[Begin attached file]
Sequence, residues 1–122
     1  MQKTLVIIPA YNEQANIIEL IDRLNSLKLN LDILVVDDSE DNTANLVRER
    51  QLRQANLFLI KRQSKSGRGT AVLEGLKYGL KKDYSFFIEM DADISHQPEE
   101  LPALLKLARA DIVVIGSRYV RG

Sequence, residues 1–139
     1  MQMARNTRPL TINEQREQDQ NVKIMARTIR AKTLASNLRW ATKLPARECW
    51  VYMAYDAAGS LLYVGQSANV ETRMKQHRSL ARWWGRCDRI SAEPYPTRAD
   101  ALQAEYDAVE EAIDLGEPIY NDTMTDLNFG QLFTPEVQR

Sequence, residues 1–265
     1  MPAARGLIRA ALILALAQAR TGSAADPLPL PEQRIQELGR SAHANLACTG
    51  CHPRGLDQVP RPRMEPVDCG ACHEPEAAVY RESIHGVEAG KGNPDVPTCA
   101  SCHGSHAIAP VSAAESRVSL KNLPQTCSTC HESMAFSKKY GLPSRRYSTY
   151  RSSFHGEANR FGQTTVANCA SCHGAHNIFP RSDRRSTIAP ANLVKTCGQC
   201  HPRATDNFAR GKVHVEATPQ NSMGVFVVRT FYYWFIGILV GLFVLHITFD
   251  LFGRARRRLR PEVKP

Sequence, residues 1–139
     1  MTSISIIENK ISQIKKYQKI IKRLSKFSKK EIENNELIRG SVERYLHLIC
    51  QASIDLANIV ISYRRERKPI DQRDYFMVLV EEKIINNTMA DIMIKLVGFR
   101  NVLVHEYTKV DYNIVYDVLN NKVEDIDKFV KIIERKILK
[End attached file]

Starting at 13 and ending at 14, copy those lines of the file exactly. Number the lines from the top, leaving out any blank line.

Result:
   151  RSSFHGEANR FGQTTVANCA SCHGAHNIFP RSDRRSTIAP ANLVKTCGQC
   201  HPRATDNFAR GKVHVEATPQ NSMGVFVVRT FYYWFIGILV GLFVLHITFD